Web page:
When one considers some of the hotly debated issues of this Obama era, they often boil down to a single, overriding question: How far should the government go in regulating things such as health care, privacy, free speech, etc.? In other words, where does personal responsibility end and government responsibility begin?  

This question was particularly brought to my mind by a recent Associated Press article, which noted that cyber criminals are increasingly targeting small and medium-sized businesses. These companies don't have the same resources as larger ones, which continually update their computer security and have more sophisticated systems, according to an official of the U.S. Secret Service's office of investigations.  

According to AP, organized cyber groups based abroad are waging many of the attacks. They are stealing not only credit card numbers, but also personal information—including Social Security numbers—of the cardholders.

The article adds that lawmakers working on cyber security legislation are pressing for the Obama administration to do more to prevent such attacks. But just what do these people want the government to do?  If a smaller company—say a Tier III insurer or and independent agency—doesn’t spend money on basic protections, does that mean the taxpayer has to step in and buy a security software suite or firewall device for the company or agency?  

The very idea is ridiculous. In this Internet age, virtually no one is unaware of the basic need to protect systems and data. In the insurance industry in particular, where customer data is our very lifeblood, it is sheer lunacy to leave such information and systems vulnerable to attack. But more importantly, whose responsibility is it to protect customer data that resides on company systems? The answer—unless you are GM or Chrysler—is that the buck stops with the company. Believe it or not, Big Brother is not always watching us, and the safety of business systems would likely not be his No. 1 priority if he were doing so.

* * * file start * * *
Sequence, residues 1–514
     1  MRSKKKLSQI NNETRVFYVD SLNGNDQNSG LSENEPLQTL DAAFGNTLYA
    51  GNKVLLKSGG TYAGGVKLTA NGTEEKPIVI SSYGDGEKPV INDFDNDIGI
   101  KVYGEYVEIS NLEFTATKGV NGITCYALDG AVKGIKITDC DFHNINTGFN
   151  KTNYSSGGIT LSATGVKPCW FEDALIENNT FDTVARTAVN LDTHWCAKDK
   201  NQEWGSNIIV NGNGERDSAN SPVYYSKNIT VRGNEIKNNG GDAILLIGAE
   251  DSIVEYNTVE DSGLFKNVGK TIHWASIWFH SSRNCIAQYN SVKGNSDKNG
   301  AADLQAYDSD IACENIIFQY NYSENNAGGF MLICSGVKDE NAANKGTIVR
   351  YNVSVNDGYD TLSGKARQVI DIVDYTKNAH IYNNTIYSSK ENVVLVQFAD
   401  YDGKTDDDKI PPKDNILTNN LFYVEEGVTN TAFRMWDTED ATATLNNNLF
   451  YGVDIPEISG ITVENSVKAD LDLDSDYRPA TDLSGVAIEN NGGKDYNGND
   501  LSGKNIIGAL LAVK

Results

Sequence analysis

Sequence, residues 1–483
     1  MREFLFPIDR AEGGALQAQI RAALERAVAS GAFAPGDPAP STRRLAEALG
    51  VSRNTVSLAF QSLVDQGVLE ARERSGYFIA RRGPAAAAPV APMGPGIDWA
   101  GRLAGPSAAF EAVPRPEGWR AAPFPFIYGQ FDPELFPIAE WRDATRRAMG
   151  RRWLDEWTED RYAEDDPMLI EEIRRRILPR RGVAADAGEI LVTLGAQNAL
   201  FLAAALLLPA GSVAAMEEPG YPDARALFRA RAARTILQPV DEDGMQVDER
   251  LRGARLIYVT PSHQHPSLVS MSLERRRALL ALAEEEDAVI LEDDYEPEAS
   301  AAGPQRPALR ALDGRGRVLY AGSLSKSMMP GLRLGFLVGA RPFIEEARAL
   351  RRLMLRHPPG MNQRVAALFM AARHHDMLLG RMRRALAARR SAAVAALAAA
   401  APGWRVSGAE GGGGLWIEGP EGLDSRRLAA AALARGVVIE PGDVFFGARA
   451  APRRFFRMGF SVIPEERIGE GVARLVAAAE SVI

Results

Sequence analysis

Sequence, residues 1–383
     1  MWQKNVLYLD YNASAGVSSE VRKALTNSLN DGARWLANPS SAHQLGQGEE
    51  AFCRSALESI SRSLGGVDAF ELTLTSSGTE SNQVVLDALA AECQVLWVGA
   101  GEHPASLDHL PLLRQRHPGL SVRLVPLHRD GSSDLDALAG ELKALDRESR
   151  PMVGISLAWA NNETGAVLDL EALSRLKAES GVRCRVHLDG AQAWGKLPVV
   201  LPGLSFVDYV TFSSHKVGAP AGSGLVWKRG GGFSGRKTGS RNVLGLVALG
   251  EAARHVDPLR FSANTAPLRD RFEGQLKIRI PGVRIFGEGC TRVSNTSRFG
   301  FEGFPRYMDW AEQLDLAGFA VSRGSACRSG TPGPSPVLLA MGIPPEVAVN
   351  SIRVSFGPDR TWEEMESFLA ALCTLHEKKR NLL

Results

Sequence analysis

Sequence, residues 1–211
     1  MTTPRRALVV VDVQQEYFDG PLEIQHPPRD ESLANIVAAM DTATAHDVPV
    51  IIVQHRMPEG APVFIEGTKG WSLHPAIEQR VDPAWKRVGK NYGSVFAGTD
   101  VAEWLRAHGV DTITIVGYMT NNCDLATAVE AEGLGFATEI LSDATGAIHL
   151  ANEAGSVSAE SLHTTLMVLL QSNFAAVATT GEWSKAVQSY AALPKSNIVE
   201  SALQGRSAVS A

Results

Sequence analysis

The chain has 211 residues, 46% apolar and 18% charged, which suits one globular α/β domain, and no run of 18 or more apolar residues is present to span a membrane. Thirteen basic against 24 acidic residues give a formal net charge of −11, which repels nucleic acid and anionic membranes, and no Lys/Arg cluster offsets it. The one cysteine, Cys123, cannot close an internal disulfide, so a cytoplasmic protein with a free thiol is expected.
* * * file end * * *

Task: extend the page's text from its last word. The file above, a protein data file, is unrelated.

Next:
Are we seriously suggesting that the federal government should take responsibility for the security of business data and systems? Remember, this is the same federal government whose own systems have been repeatedly hacked by foreign governments and by technologically gifted slackers who seem to have nothing more constructive to contribute to society. This is also the same administration that, despite much bombast, has not appointed a cyber-security czar.  

And what of the cost issue? Unless you’re a startup working out of your garage, chances are that basic computer security technology is not out of your price range. In fact, most PCs come pre-loaded with much of what is needed. It may be true that the largest companies can more easily afford sophisticated intrusion detection technology, but some pretty good technology can be had at lower prices as well.  

In the end, all companies must face the fact that basic data protection is a cost of doing business in this era. To whine about the cost and ask that the federal government provide a handout is foolish and counterproductive. Can’t you just see the bad guys chuckling as they spend all of 10 minutes cracking the standard government issue firewall?  

That being said, however, government does have a role in protecting us. Our leaders must be vigilant in tracking down and capturing cyber-criminals, and once they come to trial, the penalties must be significant. Further, the sentences handed down should in no way reflect the amount of loss suffered by the victim—let them be lengthy prison stretches regardless of whether the offended party is a multinational insurer in New York or a mom-and-pop agency in North Dakota. 

Ara C. Trembly (www.aratremblytechnology.com) is the founder of Ara Trembly, The Tech Consultant and a longtime observer of technology in insurance and financial services. He can be reached at ara@aratremblytechnology.com.

The opinions posted in this blog do not necessarily reflect those of Insurance Networking News or SourceMedia.

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